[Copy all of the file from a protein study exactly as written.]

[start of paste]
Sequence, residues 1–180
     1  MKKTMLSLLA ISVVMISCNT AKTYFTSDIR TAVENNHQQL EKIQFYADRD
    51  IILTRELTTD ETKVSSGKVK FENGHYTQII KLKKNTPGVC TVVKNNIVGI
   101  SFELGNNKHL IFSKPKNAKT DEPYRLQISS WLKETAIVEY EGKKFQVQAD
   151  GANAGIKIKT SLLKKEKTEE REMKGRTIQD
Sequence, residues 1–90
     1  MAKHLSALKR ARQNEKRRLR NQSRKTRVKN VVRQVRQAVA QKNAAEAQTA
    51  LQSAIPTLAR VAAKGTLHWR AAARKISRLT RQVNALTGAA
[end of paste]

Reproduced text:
Sequence, residues 1–180
     1  MKKTMLSLLA ISVVMISCNT AKTYFTSDIR TAVENNHQQL EKIQFYADRD
    51  IILTRELTTD ETKVSSGKVK FENGHYTQII KLKKNTPGVC TVVKNNIVGI
   101  SFELGNNKHL IFSKPKNAKT DEPYRLQISS WLKETAIVEY EGKKFQVQAD
   151  GANAGIKIKT SLLKKEKTEE REMKGRTIQD
Sequence, residues 1–90
     1  MAKHLSALKR ARQNEKRRLR NQSRKTRVKN VVRQVRQAVA QKNAAEAQTA
    51  LQSAIPTLAR VAAKGTLHWR AAARKISRLT RQVNALTGAA